Great new Boston-area bars for grown-ups

Local night life isn’t only about catering to college students anymore.

Yvonne’s took over the space that once belonged to Locke-Ober restaurant.
Yvonne’s took over the space that once belonged to Locke-Ober restaurant. Erik Jacobs
American Fresh Brewhouse Assembly Row.
American Fresh Brewhouse Assembly Row.Dina Rudick/Globe staff/File/Globe Staff


All manner of Somerville drinkers — and sometimes their children and pets — unwind at this convivial outdoor beer garden with local sips from Slumbrew (there are currently seven beers on tap) and unfancy eats like cheddar ale soup and fluffernutters. Spaces fashioned from shipping containers house board games and the kitchen. In colder months, the dining section is covered by a tent and warmed with space heaters. It’s all a happy splash of hometown flavor amid the retail glimmer of Assembly Row.

301 Canal Street, Somerville, 800-428-1150, slumbrew.com


This Fort Point bastion of Gallic glitz is a sophisticated place to take a date or a client: Cozy up on a bar-side velvet couch or settle into a quiet table in the restaurant’s Chalet Lounge to nibble on foie gras, steak tartare, or clam and quail egg flatbread with a carafe of rose.


49 Melcher Street, Boston, 617-556-8000, bastillekitchen.net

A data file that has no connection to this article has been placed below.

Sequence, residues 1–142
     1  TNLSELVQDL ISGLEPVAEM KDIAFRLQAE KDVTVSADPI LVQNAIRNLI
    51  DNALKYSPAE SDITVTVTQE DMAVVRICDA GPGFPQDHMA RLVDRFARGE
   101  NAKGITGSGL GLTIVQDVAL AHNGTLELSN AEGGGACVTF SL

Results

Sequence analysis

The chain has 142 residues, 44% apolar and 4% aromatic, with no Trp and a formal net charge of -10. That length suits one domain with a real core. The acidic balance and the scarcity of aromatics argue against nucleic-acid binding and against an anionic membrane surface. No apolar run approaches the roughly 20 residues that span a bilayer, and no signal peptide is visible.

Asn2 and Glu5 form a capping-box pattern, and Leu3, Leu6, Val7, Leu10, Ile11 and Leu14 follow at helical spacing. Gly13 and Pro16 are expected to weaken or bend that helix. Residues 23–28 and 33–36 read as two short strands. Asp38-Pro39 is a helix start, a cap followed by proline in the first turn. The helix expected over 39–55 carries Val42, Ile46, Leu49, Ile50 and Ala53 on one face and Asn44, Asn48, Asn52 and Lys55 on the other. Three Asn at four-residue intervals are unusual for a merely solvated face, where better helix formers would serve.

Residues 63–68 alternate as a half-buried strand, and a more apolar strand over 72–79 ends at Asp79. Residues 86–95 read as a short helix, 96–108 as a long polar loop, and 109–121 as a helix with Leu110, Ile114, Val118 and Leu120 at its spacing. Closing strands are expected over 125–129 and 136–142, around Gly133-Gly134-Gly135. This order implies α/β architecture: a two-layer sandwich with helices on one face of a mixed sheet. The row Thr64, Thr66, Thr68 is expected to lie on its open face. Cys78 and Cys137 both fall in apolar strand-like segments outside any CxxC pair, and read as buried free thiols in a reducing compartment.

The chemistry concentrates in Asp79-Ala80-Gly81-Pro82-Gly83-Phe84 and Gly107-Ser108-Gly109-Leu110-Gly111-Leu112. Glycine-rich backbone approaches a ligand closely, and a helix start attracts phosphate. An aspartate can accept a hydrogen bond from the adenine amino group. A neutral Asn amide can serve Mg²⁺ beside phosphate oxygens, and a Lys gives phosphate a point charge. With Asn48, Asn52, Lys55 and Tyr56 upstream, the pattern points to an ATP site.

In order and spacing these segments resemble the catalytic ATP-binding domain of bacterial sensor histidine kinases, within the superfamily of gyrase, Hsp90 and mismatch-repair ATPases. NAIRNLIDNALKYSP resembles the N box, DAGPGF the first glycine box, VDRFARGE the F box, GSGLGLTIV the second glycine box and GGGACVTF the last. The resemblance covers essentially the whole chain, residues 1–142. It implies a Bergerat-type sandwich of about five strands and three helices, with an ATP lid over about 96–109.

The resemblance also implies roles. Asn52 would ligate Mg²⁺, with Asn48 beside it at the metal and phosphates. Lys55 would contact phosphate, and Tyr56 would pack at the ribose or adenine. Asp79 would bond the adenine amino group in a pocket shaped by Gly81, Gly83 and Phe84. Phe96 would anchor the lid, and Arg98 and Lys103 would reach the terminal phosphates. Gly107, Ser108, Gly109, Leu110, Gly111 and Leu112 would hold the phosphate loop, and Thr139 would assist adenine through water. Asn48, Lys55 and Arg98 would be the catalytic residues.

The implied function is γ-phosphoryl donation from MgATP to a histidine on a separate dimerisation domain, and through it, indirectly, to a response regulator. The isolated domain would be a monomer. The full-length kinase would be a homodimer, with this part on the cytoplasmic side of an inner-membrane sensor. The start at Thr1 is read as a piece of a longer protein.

Glittery enough for a special night out but unpretentious enough for everyday dining, this neighborhood wine bar from the team behind Somerville’s beloved Bergamot is tucked several quiet blocks from Inman Square in Cambridge. That suits fans just fine. Secure a spot at the TV-free six-seat bar and browse an admirable roster of sweet and aged wines or settle into a banquette or a communal high-top for shareable small plates and charcuterie.

1071 Cambridge Street, Cambridge, 617-714-3693, bisqcambridge.com


There’s exceptional people-watching at this East Somerville hipster hacienda, especially at the 18-seat bar. Mixologists (many of whom look like they stepped off a New York runway) treat guests like insiders, keeping patter flowing between paramours and strangers alike. Feeling frisky? Order the Tinder Date, a low-alcohol cocktail with rose cava and grapefruit.

124 Broadway, Somerville, 617-764-1412, labrasasomerville.com



This Cambridge restaurant spotlights “East Coast revival” cuisine and throwback cocktails like the Safety Dance, made of vermouth and floral tea. There are no televisions at the 11-seat bar, and dishes are served on handmade pottery, reflecting an earnest harking back to a simpler time. Dine on majestic whole roasts, grilled ribs with chestnut and molasses, or braised lobster with hickory nuts.

660 Cambridge Street, Cambridge, 617-945-2576, loyalninecambridge.com


This new Korean restaurant in Davis Square is homey and hushed, just the place to curl up alone on a rainy night with a soul-warming plate of spicy pork bulgogi and a well-loved novel. Grab a seat at the intimate bar on a crisp evening and you’ll feel wrapped in cashmere, especially after a few sips of uncommon cocktails like the Persimmon Old-Fashioned or Korean Pear Smash. Service at this Somerville spot is relaxed; soon you will be, too.